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June 7-14, 2006

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'An Inconvenient Truth'

Team Al: Cohorts look on as Gore invents the documentary.

Bringing the Heat

Al Gore makes amends for 2000 by reminding the world that the clock is ticking on climate change--and he's a big 'Simpsons' fan. What's not to like? Richard von Busack interviews the ex-veep and star of 'An Inconvenient Truth.'

By Richard von Busack


An Inconvenient Truth is the summer's only indispensable movie, deserving the poring over that The Da Vinci Code got. It's a concert film of a lecture by former Vice President Al Gore on the subject of the fate of the human race.

Aiming for simplicity and entertainment, Gore aligns an array of facts that will be very hard to refute. He focuses on nonpartisan ways to avoid the unthinkable: the melting of the ice caps, the flooding of the coasts, the spread of tropical diseases, the famines that we will have difficulty imagining, let alone enumerating.

The surprise is that it's an entertaining show. It's witty. It's playful. Gore is a huge fan of Mark Twain, taking a Twain quote as an epigraph: "What gets us into trouble is not what we don't know. It's what we know for sure that just ain't so."

In person, Gore comes across looser and more amusing than he did during his candidacy. Today, he is a vastly different man than the strained, hesitant political candidate he once was. Perhaps it has occurred to him that the bulliest pulpit these days is a movie screen. If Gore is in the wilderness, it is in an Airstream trailer with all the hookups, a satellite dish and a smoldering barbecue.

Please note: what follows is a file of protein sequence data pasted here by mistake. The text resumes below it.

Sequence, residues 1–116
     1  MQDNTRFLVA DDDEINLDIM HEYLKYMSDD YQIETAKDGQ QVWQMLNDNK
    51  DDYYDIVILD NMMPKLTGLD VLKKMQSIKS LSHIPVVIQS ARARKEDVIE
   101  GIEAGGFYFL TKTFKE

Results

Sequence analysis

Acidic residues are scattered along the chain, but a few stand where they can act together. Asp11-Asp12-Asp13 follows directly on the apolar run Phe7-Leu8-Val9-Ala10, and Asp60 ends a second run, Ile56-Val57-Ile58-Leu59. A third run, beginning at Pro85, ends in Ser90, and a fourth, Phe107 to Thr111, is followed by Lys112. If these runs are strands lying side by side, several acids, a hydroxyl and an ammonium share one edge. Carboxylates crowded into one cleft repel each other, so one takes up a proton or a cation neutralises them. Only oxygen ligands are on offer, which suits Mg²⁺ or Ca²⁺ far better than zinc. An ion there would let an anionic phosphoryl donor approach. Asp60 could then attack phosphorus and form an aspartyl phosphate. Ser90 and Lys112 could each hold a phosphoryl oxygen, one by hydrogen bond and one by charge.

At our interview, he is smooth, he is affluent, he looks 10 years younger than he did in 2000; he is dressed smartly in black clothes and sitting at a desk in a high level in a nice hotel in San Francisco (which is home base for his cable network, Current TV), with a twilight view of Twin Peaks behind him and a half a bottle of Heineken at his right hand.

METRO: Do you really believe we have only 10 years to avert disastrous global warming?

GORE: I do, I really do. Over the last 30 years, during the time I've tried to tell this story, there have been times when people said we only had 10 years, 15 years. I never had repeated that or paid much attention to that. Just in the last six months, some of the leading scientists in the world--who actually do know what they're talking about--have begun to say, we have less than 10 years in which to make a big start on dramatic changes, or we'll cross a point of no return. I do believe that. I respect these scientists; I've worked with them for decades. Now, I'm optimistic, because I believe that, in less time than that [10 years], we will make a big start.